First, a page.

In Carolina, what choice did Fox really have but to go with the untested Clausen over the struggling Moore, whose starting reign in Charlotte lasted all of seven games? The 0-2 Panthers have scored just two touchdowns, Fox is in the final year of his contract, and a home-opening loss to Tampa Bay has everyone in Carolina on edge.
In Jacksonville, Jack Del Rio yanked the erratic David Garrard from the game in San Diego after his starter threw four interceptions, but backup Luke McCown fared even worse in a way, tearing a knee ligament and being lost for the season. So it's back to Garrard for the Jaguars, who have the Eagles and Colts coming to town the next two weeks.
In Tennessee, Vince Young remains the starter after being replaced by veteran Kerry Collins in the fourth quarter of that troubling 19-11 loss to the visiting Steelers on Sunday, but we've seen this movie before. Since the start of the 2008 seasons, the Titans have flip-flopped between Young and Collins on a fairly regular basis.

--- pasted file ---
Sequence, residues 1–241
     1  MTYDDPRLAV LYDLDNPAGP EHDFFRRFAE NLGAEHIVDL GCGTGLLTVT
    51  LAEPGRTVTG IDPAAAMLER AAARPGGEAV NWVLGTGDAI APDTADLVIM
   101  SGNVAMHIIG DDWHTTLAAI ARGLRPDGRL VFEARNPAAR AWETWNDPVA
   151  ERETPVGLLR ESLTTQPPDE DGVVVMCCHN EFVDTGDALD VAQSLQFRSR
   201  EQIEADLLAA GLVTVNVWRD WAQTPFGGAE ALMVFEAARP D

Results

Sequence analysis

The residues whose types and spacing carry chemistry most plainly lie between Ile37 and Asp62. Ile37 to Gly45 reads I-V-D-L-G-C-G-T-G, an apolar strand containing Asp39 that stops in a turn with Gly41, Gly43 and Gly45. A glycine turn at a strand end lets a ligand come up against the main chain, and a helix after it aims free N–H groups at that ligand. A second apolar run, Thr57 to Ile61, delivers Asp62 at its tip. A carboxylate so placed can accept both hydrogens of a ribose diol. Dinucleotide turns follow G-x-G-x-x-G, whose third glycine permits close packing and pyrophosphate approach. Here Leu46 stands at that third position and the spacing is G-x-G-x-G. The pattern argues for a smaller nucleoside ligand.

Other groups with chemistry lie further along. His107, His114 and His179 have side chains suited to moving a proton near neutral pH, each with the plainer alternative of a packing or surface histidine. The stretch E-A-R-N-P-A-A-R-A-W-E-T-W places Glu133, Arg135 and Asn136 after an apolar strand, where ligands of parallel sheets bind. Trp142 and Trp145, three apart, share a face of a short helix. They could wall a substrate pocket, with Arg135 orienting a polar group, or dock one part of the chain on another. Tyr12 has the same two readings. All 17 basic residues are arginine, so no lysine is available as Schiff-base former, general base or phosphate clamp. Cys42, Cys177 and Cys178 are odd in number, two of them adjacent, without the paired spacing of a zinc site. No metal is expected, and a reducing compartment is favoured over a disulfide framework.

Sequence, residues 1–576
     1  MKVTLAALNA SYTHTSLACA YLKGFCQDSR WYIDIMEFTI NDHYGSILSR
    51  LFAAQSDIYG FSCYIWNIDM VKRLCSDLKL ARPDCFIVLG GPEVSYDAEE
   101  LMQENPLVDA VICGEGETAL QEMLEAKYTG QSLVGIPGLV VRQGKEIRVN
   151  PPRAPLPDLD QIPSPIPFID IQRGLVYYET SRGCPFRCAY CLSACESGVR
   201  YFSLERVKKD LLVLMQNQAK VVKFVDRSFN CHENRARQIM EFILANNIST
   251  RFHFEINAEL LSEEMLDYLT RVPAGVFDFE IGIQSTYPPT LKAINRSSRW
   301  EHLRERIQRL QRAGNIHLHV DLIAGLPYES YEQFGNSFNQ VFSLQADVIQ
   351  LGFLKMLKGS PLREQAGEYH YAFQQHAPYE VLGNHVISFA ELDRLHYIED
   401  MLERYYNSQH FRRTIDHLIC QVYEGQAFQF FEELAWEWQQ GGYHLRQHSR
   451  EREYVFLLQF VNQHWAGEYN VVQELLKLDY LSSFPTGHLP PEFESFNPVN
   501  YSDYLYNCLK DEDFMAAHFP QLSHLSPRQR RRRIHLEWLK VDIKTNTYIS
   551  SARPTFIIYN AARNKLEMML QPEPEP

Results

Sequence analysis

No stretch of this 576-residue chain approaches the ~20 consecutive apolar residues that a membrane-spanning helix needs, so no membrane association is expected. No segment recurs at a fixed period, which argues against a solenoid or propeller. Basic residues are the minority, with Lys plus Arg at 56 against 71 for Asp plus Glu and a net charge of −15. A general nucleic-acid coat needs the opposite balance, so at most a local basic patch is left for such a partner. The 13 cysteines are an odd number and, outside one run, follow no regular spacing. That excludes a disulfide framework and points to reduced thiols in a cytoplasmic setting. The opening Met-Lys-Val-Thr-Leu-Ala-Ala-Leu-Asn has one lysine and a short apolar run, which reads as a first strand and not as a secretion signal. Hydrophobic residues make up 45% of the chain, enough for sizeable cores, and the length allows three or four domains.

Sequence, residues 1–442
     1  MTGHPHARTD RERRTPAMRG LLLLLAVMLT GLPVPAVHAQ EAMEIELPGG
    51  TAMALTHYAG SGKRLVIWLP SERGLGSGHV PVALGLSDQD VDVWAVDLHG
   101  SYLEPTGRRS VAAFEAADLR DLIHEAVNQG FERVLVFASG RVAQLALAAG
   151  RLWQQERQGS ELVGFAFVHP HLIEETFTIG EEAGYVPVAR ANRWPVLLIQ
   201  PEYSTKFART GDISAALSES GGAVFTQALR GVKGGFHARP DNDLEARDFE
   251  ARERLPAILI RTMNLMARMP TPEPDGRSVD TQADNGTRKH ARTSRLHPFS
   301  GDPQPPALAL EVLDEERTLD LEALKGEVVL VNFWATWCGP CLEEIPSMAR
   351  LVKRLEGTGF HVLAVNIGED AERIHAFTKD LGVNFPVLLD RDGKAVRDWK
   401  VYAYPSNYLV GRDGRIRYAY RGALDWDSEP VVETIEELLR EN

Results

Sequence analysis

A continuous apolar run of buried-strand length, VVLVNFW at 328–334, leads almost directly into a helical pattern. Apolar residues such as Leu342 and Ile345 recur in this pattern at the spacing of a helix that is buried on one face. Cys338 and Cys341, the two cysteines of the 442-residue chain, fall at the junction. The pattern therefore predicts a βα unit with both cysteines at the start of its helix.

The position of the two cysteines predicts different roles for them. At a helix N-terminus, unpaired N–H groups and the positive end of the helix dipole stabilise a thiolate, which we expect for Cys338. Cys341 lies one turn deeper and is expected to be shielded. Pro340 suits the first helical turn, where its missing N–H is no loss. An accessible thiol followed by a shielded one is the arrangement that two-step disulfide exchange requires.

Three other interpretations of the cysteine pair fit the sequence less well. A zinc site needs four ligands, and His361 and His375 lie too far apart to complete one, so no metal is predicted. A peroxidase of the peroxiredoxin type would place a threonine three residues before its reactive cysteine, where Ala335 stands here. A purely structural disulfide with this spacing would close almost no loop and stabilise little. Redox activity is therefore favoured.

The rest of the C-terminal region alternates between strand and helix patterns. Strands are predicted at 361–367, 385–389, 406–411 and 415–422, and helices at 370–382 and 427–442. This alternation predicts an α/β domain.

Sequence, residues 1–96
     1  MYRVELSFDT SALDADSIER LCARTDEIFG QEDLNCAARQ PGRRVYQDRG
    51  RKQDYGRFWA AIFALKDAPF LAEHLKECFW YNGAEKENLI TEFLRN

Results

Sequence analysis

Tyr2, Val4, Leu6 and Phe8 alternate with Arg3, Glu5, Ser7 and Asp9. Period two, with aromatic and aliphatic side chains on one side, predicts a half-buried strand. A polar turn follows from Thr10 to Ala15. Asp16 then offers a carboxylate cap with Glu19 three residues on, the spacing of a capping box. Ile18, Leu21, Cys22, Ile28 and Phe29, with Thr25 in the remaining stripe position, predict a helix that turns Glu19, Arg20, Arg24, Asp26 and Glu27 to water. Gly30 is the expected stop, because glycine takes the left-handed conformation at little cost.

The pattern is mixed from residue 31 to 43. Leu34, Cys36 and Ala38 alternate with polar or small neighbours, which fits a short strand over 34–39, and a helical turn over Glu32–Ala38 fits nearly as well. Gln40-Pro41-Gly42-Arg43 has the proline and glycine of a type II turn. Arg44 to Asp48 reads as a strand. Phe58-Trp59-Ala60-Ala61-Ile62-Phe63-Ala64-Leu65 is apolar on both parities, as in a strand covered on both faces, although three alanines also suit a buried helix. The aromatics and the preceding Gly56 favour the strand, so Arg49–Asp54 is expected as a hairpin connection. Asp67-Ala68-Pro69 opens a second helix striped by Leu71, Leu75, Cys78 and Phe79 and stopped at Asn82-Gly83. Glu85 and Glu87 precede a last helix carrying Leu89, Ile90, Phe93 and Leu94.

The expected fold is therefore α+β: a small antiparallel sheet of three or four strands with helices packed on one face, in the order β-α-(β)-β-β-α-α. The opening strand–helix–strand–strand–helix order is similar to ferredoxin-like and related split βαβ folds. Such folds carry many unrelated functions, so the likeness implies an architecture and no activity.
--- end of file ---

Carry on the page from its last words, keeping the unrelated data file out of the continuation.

In Arizona, it seems just a matter of time before Derek Anderson is handed a clipboard and asked to support rookie Max Hall as the Cardinals starter. Hall got his feet wet Sunday in Atlanta, relieving the inefficient Anderson late in the Falcons' 41-7 blowout win. Where have you gone Kurt Warner? Cardinals nation turns its lonely eyes to you. Woo, woo, woo.
And then there are the varying QB situations in Pittsburgh, Cleveland, and Detroit, where injuries and/or a suspension have impacted the early-season lineups of the Steelers (Dennis Dixon and Charlie Batch), Browns (Jake Delhomme and Seneca Wallace) and Lions (Matthew Stafford and Shaun Hill). To go with the quarterback controversy that was quickly began and then settled in Philly, one seems more than likely in Cleveland in the very near future.
There's a familiar sameness to the reasoning behind most of the impatience being shown at quarterback around the league. The Bills, Raiders, Panthers and Jaguars were all losing teams last year, and in each case the head coach is fighting for his job in 2010. Ditto for Eric Mangini in Cleveland, where the Browns have been a quarterback clearing house in recent seasons. Defeat always begets change in the NFL, and that usually means right now, even before we've hit Week 3 of the new season.